Work with Google Ads Metrics

On the campaign’s page, you can control which metrics are displayed by selecting them. Being able to select metrics is useful when you want to view metrics at different stages of the marketing funnel.

At the Awareness stage, the metrics that you are likely to monitor are clicks and impressions.

At the Consideration stage, you are likely to monitor the clickthrough rate (CTR) or interaction rate. The CTR is a percentage of clicks only, while the interaction rate is a percentage of clicks, swipes, and any other interactions with images, text, or extensions.

At the Conversion stage of the marketing funnel, you would likely monitor the number of conversions, cost, conversion value per cost, and conversion rate.

As a reminder, a conversion happens when a potential customer takes the desired action. In most cases, that action is a purchase. Cost is the investment made on campaign ads. Conversion value per cost estimates the return on investment. It’s calculated by dividing the total conversion value by the total cost of all ad interactions. Finally, the conversion rate is the average number of conversions per ad interaction.

Get started with Google Ads

Note: The information below is for reference purposes only on how to set up a Google Ads account.

Prerequisites

To set up a Google Ads account, you need a:

  • Google account (you can use an existing Google account or follow these steps to create a new Google account)
  • Website for your business

If you don’t have a website, you can still use Smart campaigns. The Smart campaigns feature enables you to advertise on Google Search, Google Maps, Gmail, YouTube, and certain Google partner websites without necessarily having a dedicated website.

Steps to set up an account

The following steps need to be completed to set up a new Google Ads account:

  1. Determine a campaign goal
  2. Choose the campaign type
  3. Configure campaign settings and features based on your chosen campaign type
  4. Decide if you’ll use an ad group
  5. Create the ad
  6. Enter billing information, including a payment method

Steps 1 through 3: Campaign goals, types, and settings

When you create a campaign, select a goal. It should be the primary objective of the campaign. For example, if your main objective is to increase the number of people visiting your site, you would select Website traffic as the goal.

The following table summarizes the categories of goals used in various types of campaigns. Campaign settings will differ and will depend on the campaign type you select.

Steps 4 and 5: Ad groups and ads

An ad group contains one or more ads that target a shared set of keywords. Ad groups are extremely helpful to organize ads based on keywords so you can select the right ads for a campaign based on the most relevant keywords. Fewer and larger ad groups that are split by business objectives consolidate traffic and increase the number of impressions per ad.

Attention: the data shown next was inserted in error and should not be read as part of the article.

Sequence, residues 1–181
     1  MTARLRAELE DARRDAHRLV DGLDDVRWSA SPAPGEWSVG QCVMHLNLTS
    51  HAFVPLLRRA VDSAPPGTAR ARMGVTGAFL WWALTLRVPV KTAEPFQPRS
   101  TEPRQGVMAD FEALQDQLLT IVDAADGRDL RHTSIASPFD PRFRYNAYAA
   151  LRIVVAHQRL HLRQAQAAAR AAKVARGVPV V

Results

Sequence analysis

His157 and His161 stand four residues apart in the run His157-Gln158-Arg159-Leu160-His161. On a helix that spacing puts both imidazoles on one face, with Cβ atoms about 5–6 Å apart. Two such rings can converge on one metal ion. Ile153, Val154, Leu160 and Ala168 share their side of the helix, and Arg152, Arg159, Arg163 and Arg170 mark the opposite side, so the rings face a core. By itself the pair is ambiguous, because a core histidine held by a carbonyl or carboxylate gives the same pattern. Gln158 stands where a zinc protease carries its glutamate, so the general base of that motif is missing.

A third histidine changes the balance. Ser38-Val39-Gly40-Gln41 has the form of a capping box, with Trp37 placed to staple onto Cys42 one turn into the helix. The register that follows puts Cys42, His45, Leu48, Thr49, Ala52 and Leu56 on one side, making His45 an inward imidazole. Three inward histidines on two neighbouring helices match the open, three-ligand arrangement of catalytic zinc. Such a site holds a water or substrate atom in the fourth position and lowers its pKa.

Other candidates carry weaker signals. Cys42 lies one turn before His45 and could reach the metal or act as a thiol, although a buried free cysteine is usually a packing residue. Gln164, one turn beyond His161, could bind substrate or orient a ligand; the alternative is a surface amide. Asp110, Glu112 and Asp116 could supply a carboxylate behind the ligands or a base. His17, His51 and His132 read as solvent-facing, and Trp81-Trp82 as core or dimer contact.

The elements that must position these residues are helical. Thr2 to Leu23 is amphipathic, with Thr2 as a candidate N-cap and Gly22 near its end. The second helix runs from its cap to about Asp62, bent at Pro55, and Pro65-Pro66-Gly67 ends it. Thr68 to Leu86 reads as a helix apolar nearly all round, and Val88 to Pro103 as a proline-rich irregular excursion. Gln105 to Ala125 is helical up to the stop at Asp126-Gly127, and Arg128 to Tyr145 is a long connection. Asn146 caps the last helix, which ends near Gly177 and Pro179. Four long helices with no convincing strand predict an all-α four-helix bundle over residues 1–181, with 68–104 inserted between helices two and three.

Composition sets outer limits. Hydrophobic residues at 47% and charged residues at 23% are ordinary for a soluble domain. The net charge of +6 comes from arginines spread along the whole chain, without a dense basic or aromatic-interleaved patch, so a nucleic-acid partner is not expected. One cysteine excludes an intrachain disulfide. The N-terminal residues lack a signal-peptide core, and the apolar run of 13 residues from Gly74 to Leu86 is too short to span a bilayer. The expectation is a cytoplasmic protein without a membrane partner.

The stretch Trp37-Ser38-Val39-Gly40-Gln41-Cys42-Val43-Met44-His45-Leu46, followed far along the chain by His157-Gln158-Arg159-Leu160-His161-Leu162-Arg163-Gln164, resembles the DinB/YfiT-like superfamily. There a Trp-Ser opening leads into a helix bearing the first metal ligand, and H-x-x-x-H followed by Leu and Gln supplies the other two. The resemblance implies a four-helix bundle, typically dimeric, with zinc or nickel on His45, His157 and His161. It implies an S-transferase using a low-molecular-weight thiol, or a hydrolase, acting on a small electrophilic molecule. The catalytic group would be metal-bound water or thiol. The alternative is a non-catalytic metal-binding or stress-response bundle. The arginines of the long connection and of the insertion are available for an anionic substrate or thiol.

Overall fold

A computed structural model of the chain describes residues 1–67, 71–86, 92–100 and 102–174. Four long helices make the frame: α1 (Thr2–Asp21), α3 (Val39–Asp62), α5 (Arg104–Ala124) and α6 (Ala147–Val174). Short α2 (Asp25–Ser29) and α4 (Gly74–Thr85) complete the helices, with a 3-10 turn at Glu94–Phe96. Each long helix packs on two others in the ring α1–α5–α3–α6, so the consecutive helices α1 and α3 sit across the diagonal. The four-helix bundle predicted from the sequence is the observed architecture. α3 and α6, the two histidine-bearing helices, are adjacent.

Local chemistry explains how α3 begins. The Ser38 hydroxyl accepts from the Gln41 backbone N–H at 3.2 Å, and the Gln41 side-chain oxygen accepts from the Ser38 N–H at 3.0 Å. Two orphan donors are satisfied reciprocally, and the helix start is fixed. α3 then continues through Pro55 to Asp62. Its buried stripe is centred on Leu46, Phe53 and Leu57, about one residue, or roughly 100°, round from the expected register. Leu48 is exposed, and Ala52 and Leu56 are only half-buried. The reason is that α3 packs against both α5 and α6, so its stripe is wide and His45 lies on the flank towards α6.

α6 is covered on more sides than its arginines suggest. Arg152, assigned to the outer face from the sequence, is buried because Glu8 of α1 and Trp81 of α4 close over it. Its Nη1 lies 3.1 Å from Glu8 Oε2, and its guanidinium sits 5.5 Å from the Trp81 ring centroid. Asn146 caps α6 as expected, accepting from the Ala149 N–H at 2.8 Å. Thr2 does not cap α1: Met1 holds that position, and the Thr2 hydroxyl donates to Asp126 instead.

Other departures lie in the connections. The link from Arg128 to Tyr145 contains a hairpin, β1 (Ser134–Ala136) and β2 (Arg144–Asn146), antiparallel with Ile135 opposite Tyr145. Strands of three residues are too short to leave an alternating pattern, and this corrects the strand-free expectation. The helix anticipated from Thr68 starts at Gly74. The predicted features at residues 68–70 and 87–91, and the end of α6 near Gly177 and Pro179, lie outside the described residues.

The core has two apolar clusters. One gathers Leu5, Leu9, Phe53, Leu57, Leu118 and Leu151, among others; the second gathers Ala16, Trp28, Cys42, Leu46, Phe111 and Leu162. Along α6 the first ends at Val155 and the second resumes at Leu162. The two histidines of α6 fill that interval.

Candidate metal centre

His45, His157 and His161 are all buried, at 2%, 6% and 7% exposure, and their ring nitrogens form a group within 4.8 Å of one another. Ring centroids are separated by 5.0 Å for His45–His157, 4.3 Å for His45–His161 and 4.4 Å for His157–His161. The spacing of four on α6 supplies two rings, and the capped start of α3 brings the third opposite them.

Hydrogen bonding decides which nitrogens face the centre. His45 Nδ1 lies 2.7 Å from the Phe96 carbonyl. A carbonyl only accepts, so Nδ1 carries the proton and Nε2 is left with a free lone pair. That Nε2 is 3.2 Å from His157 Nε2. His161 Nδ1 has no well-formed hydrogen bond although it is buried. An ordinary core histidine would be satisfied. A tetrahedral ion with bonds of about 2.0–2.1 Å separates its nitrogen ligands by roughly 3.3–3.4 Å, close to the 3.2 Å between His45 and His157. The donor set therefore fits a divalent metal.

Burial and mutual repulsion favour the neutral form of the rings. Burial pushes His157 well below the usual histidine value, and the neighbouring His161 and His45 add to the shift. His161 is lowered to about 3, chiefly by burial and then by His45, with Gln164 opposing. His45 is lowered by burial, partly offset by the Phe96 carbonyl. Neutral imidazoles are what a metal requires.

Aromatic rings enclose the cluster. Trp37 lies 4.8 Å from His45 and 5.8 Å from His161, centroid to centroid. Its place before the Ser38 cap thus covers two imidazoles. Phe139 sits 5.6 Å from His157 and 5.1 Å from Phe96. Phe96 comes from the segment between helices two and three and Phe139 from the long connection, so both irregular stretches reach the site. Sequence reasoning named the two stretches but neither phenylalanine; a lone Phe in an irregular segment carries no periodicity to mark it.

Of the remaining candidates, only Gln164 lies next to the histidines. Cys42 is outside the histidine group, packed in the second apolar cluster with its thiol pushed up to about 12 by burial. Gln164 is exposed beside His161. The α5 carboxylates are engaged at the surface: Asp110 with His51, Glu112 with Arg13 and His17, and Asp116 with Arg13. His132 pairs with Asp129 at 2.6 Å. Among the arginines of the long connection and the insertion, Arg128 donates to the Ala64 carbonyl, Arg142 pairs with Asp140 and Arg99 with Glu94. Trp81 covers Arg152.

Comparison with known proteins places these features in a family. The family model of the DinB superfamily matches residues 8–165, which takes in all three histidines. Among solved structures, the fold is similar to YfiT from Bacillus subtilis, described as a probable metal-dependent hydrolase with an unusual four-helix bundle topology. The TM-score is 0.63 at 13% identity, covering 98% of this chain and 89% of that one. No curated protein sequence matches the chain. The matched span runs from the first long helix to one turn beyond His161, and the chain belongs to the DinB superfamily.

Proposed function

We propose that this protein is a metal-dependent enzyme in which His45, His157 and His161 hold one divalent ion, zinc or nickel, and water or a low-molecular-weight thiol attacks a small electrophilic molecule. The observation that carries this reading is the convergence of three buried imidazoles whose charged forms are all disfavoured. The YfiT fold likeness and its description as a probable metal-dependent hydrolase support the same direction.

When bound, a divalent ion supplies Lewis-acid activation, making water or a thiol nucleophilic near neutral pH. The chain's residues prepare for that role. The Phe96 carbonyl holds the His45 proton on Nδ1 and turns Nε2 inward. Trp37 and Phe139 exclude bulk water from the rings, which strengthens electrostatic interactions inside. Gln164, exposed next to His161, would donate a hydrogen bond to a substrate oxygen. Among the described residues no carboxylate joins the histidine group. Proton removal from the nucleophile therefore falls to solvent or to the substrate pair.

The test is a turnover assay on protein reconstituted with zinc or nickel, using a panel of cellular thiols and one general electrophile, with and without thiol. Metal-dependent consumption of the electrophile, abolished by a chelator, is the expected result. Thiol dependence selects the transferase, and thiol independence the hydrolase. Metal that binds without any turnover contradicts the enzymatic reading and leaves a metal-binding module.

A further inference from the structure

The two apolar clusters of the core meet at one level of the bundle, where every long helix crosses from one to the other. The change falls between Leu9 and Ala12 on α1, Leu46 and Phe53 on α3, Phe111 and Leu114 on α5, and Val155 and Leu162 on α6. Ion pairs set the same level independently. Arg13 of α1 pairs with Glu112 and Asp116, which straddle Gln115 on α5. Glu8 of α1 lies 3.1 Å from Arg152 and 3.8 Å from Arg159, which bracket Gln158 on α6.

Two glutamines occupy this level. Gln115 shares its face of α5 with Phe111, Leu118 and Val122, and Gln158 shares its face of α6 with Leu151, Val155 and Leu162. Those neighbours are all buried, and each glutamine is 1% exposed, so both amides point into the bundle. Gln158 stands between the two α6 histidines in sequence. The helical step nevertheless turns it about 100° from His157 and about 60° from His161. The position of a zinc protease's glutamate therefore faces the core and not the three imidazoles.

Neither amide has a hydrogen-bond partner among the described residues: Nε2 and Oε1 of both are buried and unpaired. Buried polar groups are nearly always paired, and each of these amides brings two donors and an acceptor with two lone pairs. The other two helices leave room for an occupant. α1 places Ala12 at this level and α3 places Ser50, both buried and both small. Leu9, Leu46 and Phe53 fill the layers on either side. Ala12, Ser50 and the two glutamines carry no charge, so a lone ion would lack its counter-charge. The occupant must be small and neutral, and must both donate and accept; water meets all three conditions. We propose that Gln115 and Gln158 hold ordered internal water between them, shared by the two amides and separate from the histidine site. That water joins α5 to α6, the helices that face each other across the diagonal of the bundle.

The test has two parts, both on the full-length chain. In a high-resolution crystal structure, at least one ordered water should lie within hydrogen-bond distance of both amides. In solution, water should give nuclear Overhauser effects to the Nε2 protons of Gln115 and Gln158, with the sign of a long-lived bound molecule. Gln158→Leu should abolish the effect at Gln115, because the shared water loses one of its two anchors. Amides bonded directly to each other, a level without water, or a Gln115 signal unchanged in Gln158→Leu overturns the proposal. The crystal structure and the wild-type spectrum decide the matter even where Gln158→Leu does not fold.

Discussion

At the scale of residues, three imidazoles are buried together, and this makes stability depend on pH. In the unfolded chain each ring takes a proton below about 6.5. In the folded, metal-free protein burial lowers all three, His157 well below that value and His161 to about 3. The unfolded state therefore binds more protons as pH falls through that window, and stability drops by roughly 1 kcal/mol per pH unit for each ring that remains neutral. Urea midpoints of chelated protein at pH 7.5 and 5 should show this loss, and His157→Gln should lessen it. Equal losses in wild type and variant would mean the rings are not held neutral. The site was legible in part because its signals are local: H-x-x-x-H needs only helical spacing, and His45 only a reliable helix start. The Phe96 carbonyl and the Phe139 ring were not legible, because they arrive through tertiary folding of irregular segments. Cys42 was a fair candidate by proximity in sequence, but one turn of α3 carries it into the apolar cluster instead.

Step 6: Billing

The payment methods for your account depending on the currency and the country where your business is registered.

Certain billing information is required when you create an ad and will include:

  • Billing Country: determine the other billing options
  • Time zone
  • Account type (Business or individual)
  • Billing name and address for the account
  • Name, phone number, and email address of the account’s primary contact
  • Payment method information

More resources

You can refer to the following links for more information about setting up Google ads:

Dashboards, scorecards, and reports in Google Ads

The Google Ads Overview page features a standard dashboard to monitor key advertising metrics. You can also create additional dashboards. In any new dashboard, you can add scorecards, charts and tables from reports and notes if you’re collaborating with others on a project.

Dashboard examples

In the Data Studio Report Gallery, you can find a lot of examples like:

  • Account health: These are examples of dashboards for account health and include views of overall account performance and performance of individual campaigns such as search, display, video, shopping, and mobile app campaigns.
  • Ad group performance: This is an example of a dashboard with selectable options to display the performance metrics for a campaign, campaign type, ad group, or device.
  • Performance by day: This example of a dashboard with selectable options to display the clicks and click-through rate (CTR) for responsive search and expanded text ads for a campaign, ad group, or device.

Steps to create a dashboard

To create a new dashboard in Google Ads, complete the following steps:

  1. Sign in to your Google Ads account.
  2. Click the Reports icon.
  3. Select Dashboards.
  4. To create a new dashboard, click the plus icon.

Scorecards

Scorecards are commonly used to visualize key performance indicators on a dashboard. To add a scorecard to a dashboard, complete the following steps:

  1. From the dashboard, click the plus icon.
  2. Click the Scorecard icon above the dashboard.
  3. Enter a name and description for the scorecard.
  4. Choose the measures you want to include.
  5. (Optional) Enter a filter you’d like to add to the data.
  6. (Optional) Add conditions for conditional formatting.
  7. (Optional) Customize the data shown in your scorecard by checking the boxes to include items like a Sparklines chart, percent change, and absolute change.
  8. Click Add.

Reports

You can also create a table or chart using the built-in Report Editor and then add the table or chart to a dashboard. To add a table or chart to a dashboard, complete the following steps:

  1. From the dashboard, click the plus icon.
  2. Click the Reports icon above the dashboard.
  3. Select Report and then select Create Report.
  4. Click Create Report and select Table to create a table or select the type of chart you want to create.
  5. Drag and drop a dimension into a labeled section. The dimension you select determines the metrics available in the next step.
  6. Drag and drop metrics, such as Clicks or Conversions, into a labeled section to include the data in the table or chart.
  7. Name your report, and click Save.